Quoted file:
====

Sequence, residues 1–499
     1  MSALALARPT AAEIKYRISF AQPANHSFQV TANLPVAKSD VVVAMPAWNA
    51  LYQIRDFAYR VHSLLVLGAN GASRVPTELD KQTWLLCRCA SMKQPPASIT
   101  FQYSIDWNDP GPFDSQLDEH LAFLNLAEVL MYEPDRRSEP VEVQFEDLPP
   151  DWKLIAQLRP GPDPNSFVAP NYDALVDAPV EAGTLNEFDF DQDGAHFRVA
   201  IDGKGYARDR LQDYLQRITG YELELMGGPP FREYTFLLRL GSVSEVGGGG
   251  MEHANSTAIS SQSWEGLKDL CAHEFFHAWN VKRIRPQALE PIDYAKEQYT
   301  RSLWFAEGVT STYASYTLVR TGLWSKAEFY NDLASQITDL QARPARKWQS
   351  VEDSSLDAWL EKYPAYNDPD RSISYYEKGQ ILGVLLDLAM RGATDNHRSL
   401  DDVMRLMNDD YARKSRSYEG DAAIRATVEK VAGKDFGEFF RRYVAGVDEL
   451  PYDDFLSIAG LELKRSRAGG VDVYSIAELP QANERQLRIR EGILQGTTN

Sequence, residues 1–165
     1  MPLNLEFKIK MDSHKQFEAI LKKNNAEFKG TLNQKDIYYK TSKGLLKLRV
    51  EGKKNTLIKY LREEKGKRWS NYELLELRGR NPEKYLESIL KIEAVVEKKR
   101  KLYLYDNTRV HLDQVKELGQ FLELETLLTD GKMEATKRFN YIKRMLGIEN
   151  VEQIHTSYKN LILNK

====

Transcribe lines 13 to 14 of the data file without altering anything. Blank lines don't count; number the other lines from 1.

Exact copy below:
     1  MPLNLEFKIK MDSHKQFEAI LKKNNAEFKG TLNQKDIYYK TSKGLLKLRV
    51  EGKKNTLIKY LREEKGKRWS NYELLELRGR NPEKYLESIL KIEAVVEKKR